Major mood disorders are depression, bipolar disorder, and dysthymic disorder. Like anxiety, depression might seem like something that everyone experiences at some point, and it is true that most people feel sad or “blue” at times in their lives. A true depressive episode, however, is more than just feeling sad for a short period. It is a long-term, debilitating illness that usually needs treatment to cure. And bipolar disorder is characterized by dramatic shifts in energy and mood, often affecting the individual’s ability to carry out day-to-day tasks. Bipolar disorder used to be called manic depression because of the way that people would swing between manic and depressive episodes.
Depending on what definition is used, there is some overlap between mood disorders and personality disorders, which affect nine percent of Americans yearly. The American Psychological Association publishes the Diagnostic and Statistical Manual on Mental Disorders (DSM), and their definition of personality disorders is changing in the fifth edition, which is being revised in 2011 and 2012. In the DSM-IV, personality disorders represent “an enduring pattern of inner experience and behavior that deviates markedly from the expectations of the culture of the individual who exhibits it” (National Institute of Mental Health). In other words, personality disorders cause people to behave in ways that are seen as abnormal to society but seem normal to them. The DSM-V proposes broadening this definition by offering five broad personality trait domains to describe personality disorders, some related to the level or type of their disconnect with society. As their application evolves, we will see how their definitions help scholars across disciplines understand the intersection of health issues and how they are defined by social institutions and cultural norms.
Another fairly commonly diagnosed mental disorder is Attention-Deficit/Hyperactivity Disorder (ADHD), which statistics suggest affects nine percent of children and eight percent of adults on a lifetime basis (National Institute of Mental Health 2005). ADHD is one of the most common childhood disorders, and it is marked by difficulty paying attention, difficulty controlling behavior, and hyperactivity. According to the American Psychological Association (APA), ADHD responds positively to stimulant drugs like Ritalin, which helps people stay focused. However, there is some social debate over whether such drugs are being overprescribed (American Psychological Association). In fact, some critics question whether this disorder is really as widespread as it seems, or if it is a case of overdiagnosis. Autism Spectrum Disorders (ASD) have gained a lot of attention in recent years. The term ASD encompasses a group of developmental brain disorders that are characterized by “deficits in social interaction, verbal and nonverbal communication, and engagement in repetitive behaviors or interests” (National Institute of Mental Health).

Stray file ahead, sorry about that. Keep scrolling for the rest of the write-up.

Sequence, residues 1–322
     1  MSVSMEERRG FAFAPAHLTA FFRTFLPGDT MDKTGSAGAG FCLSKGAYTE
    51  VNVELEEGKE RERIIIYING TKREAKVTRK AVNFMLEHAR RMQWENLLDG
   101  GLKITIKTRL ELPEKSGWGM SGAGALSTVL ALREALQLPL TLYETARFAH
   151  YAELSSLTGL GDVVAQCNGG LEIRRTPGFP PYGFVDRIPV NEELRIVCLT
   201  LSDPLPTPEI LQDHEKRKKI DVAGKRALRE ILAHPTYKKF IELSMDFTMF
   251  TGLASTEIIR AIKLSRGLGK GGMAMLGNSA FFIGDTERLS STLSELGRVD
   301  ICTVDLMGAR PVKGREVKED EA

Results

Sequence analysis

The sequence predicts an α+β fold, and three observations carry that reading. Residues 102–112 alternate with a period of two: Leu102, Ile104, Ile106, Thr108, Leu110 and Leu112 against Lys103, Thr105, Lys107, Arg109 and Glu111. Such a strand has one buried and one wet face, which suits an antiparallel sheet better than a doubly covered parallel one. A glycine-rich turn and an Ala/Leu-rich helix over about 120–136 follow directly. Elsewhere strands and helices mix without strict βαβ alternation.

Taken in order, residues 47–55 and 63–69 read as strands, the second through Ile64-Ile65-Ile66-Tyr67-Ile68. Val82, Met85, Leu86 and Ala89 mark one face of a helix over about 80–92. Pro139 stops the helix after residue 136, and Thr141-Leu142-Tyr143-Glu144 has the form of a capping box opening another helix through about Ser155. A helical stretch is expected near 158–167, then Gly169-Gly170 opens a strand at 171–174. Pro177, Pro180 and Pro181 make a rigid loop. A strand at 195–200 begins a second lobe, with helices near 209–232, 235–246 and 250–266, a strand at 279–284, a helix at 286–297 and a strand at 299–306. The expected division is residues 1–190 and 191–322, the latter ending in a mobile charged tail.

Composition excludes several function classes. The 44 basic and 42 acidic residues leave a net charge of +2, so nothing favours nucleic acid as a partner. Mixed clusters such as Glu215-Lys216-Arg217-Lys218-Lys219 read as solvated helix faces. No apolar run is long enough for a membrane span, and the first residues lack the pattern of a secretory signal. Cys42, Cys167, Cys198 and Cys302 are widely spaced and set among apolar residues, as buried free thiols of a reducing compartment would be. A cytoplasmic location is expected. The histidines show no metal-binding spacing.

Optional Learning Activity
Is ADHD a valid diagnosis and disease? Some think it is not. This article discusses this history of the issue.
The Americans with Disabilities Act requires that access be provided to everyone. Disability refers to a reduction in one’s ability to perform everyday tasks. The World Health Organization makes a distinction between the various terms used to describe handicaps that’s important to the sociological perspective. They use the term impairment to describe the physical limitations, while reserving the term disability to refer to the social limitation.